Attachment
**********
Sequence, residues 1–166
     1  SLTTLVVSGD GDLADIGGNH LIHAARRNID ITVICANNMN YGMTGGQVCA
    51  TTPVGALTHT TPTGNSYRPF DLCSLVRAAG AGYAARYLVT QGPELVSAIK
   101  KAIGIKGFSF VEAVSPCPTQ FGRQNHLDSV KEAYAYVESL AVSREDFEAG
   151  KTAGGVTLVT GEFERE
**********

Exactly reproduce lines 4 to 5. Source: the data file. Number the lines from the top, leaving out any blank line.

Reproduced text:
   101  KAIGIKGFSF VEAVSPCPTQ FGRQNHLDSV KEAYAYVESL AVSREDFEAG
   151  KTAGGVTLVT GEFERE